Protecting the Baltic Sea and our other water systems by helping the elderly manage their medicines

18.9.2021 17:17
Lääkkeetön Itämeri blogikirjoitus

When pharmaceuticals are flushed down the drain or thrown in the bin, their residues end up in nature and water systems, such as the Baltic Sea. Every year, Finnish households produce a vast amount of medical waste consisting of medicines that have expired or are no longer needed. These should be disposed of correctly, by returning them to a pharmacy.

Elderly people in particular tend to accumulate a large amount of unused and expired medicines. For instance, in the case of medicine that the person can’t take due to side effects, 90 tablets of a packet of 98 might be left unused.

In addition, there are often problems with the correct storage of medication. For example, many people store medicine in the refrigerator even though it should be kept at room temperature, or they keep them on a windowsill, exposed to sunlight. Others have their medicine cabinet in the bathroom, which is too humid for this purpose.

The disposal of unnecessary and expired medicine is often left to the home care service or the elderly person’s friends or relatives. Pharmaceuticals must not be disposed of in mixed waste or flushed down the toilet. They must be returned to the pharmacy.

Unit-dose dispensing significantly reduces medical waste

It is important as part of medical treatment to ensure the person takes their medication in accordance with the physician’s instructions. Elderly persons living at home are likely to get their medication from a pill dispenser, dosed by a home-care worker or their spouse, child or other person close to them.

Manual dispensing of medication always involves the possibility of human error. The pill dispenser may not close properly, or the medicines can spill out, for example if the dispenser falls on the floor. This can result in the days and medication times getting mixed up.  The tablets can then be difficult to identify, making it almost impossible to put back in their right place in the dispenser.

As automated unit-dose dispensing becomes more common, medication safety is improved and healthcare personnel have more time to spend with the people they are caring for and focus on actual care work. This also significantly reduces wastage of medicines. It has been estimated that automated unit-dose dispensing produces almost only half the amount of the medical waste produced by conventional dispensing.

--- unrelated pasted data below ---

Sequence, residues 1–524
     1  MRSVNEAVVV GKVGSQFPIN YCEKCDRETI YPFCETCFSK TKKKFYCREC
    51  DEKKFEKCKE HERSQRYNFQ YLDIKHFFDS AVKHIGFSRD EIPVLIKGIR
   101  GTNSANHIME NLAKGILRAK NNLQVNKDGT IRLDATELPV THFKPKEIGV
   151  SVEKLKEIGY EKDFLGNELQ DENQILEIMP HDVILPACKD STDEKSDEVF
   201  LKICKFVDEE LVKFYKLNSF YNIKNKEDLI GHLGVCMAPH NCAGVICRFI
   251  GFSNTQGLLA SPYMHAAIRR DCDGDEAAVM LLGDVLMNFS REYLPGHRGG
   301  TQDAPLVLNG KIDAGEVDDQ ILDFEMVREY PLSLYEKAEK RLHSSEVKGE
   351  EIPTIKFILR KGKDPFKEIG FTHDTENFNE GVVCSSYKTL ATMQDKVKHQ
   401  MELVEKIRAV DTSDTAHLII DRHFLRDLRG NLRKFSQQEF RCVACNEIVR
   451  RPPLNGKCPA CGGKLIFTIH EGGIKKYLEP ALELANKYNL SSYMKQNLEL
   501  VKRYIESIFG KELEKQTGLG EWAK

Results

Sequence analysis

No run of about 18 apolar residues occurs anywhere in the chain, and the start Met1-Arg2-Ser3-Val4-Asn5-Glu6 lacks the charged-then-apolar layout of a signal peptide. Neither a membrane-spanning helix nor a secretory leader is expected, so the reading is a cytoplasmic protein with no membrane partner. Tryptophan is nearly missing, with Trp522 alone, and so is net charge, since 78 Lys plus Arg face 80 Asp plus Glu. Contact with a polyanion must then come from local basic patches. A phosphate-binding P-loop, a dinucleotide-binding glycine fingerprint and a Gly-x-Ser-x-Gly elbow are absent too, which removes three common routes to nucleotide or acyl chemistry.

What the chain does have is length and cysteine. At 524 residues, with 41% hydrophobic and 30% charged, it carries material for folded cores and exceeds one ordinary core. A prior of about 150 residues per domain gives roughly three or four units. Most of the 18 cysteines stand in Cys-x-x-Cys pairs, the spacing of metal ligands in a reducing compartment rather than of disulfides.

Nowadays, more and more pharmacies offer automated unit-dose dispensing, and many care homes and residential care facilities have already been using it for a long time. In unit-dose dispensing, the pharmacy regularly provides the required medicine in single-dose packets that clearly indicate the date and time for taking the medicine, among other things.

Unit-dose dispensing reduces the risk of the medicine expiring, as it is provided for shorter periods, usually for two or four weeks at a time. This also significantly reduces the amount of wasted medicines than in cases where the person’s medication is prescribed for a longer period, for example for three months at a time.

Medicine-dispensing robots make taking medication safer

Tamro wants to make it safer for senior citizens living at home to dispense and take their medicines. We are supported in this by the Smila care service, which uses automated unit-dose dispensing. So far, the service has been piloted in home care in six municipalities. In addition to reducing medical waste, the Smila care service ensures that medication is taken at the right time and in the right doses. A robot with a human voice reminds the person to take their medication. If they don’t, the device informs the healthcare personnel of this immediately.

Smila is suitable for everyone who is on regular medication and who needs to be reminded to take it. It assists customers in their own homes. According to our estimates, about 30 to 40 per cent of all Finnish home-care customers could use a medicine-dispensing robot. Similar robots are also used in other Nordic countries, and perhaps in some others too.

Minimising medical waste is environmentally friendly and reduces costs to society and patients alike. We can contribute to this with our choices: by buying medicine only when we need it and disposing of unnecessary or expired medication appropriately. Let’s also help our elderly loved ones to reduce the unnecessary strain on the environment and water systems.

Tea Mills
Senior Sales Manager, Health Technology Services

Would you like to learn more about Smila care service or unit-dose dispensing services?